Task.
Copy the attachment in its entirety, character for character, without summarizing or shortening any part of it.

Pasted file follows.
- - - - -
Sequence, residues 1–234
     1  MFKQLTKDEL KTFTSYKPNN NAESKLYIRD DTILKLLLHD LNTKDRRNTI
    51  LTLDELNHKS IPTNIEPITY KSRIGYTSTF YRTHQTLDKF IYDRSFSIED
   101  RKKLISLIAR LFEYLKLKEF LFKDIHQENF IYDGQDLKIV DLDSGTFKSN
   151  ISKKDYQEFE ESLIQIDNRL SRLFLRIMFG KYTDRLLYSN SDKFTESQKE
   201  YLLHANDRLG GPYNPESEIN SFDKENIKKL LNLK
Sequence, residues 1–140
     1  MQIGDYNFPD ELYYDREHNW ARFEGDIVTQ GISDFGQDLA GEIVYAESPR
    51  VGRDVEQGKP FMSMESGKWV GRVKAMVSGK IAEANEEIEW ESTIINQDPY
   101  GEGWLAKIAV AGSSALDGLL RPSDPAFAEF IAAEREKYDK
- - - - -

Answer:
Sequence, residues 1–234
     1  MFKQLTKDEL KTFTSYKPNN NAESKLYIRD DTILKLLLHD LNTKDRRNTI
    51  LTLDELNHKS IPTNIEPITY KSRIGYTSTF YRTHQTLDKF IYDRSFSIED
   101  RKKLISLIAR LFEYLKLKEF LFKDIHQENF IYDGQDLKIV DLDSGTFKSN
   151  ISKKDYQEFE ESLIQIDNRL SRLFLRIMFG KYTDRLLYSN SDKFTESQKE
   201  YLLHANDRLG GPYNPESEIN SFDKENIKKL LNLK
Sequence, residues 1–140
     1  MQIGDYNFPD ELYYDREHNW ARFEGDIVTQ GISDFGQDLA GEIVYAESPR
    51  VGRDVEQGKP FMSMESGKWV GRVKAMVSGK IAEANEEIEW ESTIINQDPY
   101  GEGWLAKIAV AGSSALDGLL RPSDPAFAEF IAAEREKYDK